Apply a small amount to any rash, let it dry until it forms flakes, then gently rinse off with water. Bentonite clay can generally be found at various natural food stores or online.
Ocean Water or Sea Salt Dry the Blisters
Ocean water contains about 3.5% salt, which has drying properties. If you aren’t near tho ocean, mix one ounce of sea salt with a quart of water. Use a cotton ball to apply the mixture to the rash, and allow to dry.
Alternatively, you could soak gauze in the salt water and apply with a bandage overnight or while you go about your day.
Himalayan Salt is favored by some as having a slight edge over ocean water or the sea salt mixture. Mined in the foothills of the Himalayan Mountains, this salt contains several other mineral salts including sulphur and iron oxide, and has antihistamine properties that may speed healing.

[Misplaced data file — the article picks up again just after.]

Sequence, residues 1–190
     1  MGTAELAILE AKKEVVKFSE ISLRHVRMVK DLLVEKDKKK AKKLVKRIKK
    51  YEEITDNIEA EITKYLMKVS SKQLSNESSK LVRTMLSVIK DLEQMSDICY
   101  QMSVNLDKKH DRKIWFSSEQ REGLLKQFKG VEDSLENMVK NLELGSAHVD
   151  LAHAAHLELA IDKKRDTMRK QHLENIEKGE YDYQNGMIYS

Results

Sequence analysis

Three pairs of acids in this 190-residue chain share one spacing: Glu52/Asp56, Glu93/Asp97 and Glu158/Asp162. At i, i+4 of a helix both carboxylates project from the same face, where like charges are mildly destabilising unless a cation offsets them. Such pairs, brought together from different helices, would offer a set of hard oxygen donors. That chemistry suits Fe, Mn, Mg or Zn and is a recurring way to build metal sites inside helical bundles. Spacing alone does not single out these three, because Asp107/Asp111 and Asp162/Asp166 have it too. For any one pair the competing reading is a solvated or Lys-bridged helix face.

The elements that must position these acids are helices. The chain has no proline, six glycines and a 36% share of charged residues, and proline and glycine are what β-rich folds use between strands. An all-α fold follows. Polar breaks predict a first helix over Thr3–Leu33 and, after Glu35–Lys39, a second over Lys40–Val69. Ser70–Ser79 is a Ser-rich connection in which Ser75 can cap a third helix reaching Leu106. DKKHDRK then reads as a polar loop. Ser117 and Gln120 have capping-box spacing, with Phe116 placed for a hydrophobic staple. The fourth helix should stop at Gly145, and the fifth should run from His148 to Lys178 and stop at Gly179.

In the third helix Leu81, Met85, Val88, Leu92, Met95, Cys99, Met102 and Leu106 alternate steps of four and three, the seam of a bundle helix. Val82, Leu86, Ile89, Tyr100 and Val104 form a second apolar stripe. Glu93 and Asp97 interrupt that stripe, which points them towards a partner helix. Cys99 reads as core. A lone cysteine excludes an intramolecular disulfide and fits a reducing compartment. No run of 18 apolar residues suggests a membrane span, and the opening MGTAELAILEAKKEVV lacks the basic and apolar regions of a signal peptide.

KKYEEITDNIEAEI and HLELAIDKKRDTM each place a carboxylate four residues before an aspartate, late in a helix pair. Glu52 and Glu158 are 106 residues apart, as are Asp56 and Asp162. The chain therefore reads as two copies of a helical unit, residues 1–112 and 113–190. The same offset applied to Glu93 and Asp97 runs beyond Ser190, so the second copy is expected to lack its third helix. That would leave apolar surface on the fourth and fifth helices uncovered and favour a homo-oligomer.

Cold Compresses Reduce Inflammation and Cool the Burn
To make a cold compress, wet a washcloth in cold water, wring out excess water, and apply to the rash for 15 to 20 minutes to soothe the burn. This will take down swelling and soothe the itch.
Aloe Vera Soothes the Rash
Just like sunburn, poison ivy rash can benefit from the cooling application of aloe vera. Simply cut the leaf, applying the gel-like substance directly onto the rash, or you may opt to use a commercially available product.
Try a Fruit or Vegetable to Tame Symptoms
Many people swear by remedies readily available on your kitchen counter or in the fridge. Try cucumbers, watermelon, or banana peel: simply make a paste of the desired fruit or veggie and apply directly to the affected area. Or rub the cut side of the watermelon rind onto the area for cooling relief.
Essential Oils Heal the Blisters
Use essential oils such as geranium, tea tree oil, lavender, or rose directly to opened blisters to speed healing. Mix three drops of oil with coconut oil and apply three to four times per day. Find out more about essential oils and how to prepare them for use.
Witch Hazel Promotes Blister Healing